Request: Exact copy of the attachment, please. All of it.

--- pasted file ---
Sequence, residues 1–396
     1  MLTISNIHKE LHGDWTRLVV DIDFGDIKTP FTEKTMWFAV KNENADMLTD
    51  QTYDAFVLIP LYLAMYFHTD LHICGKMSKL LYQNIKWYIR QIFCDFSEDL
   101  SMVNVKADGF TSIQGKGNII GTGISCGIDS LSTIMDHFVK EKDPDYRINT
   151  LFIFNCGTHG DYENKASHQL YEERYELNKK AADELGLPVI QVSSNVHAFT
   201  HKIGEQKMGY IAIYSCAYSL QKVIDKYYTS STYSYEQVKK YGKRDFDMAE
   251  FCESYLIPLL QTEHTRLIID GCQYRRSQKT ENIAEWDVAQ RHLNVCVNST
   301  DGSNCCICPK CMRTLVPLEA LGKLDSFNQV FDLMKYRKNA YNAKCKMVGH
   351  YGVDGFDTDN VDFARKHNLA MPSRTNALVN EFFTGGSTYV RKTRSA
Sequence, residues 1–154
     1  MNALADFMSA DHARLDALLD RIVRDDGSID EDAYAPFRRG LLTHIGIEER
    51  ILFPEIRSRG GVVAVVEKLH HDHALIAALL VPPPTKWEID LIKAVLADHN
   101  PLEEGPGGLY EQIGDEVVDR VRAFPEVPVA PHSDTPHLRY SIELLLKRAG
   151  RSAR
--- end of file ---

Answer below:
Sequence, residues 1–396
     1  MLTISNIHKE LHGDWTRLVV DIDFGDIKTP FTEKTMWFAV KNENADMLTD
    51  QTYDAFVLIP LYLAMYFHTD LHICGKMSKL LYQNIKWYIR QIFCDFSEDL
   101  SMVNVKADGF TSIQGKGNII GTGISCGIDS LSTIMDHFVK EKDPDYRINT
   151  LFIFNCGTHG DYENKASHQL YEERYELNKK AADELGLPVI QVSSNVHAFT
   201  HKIGEQKMGY IAIYSCAYSL QKVIDKYYTS STYSYEQVKK YGKRDFDMAE
   251  FCESYLIPLL QTEHTRLIID GCQYRRSQKT ENIAEWDVAQ RHLNVCVNST
   301  DGSNCCICPK CMRTLVPLEA LGKLDSFNQV FDLMKYRKNA YNAKCKMVGH
   351  YGVDGFDTDN VDFARKHNLA MPSRTNALVN EFFTGGSTYV RKTRSA
Sequence, residues 1–154
     1  MNALADFMSA DHARLDALLD RIVRDDGSID EDAYAPFRRG LLTHIGIEER
    51  ILFPEIRSRG GVVAVVEKLH HDHALIAALL VPPPTKWEID LIKAVLADHN
   101  PLEEGPGGLY EQIGDEVVDR VRAFPEVPVA PHSDTPHLRY SIELLLKRAG
   151  RSAR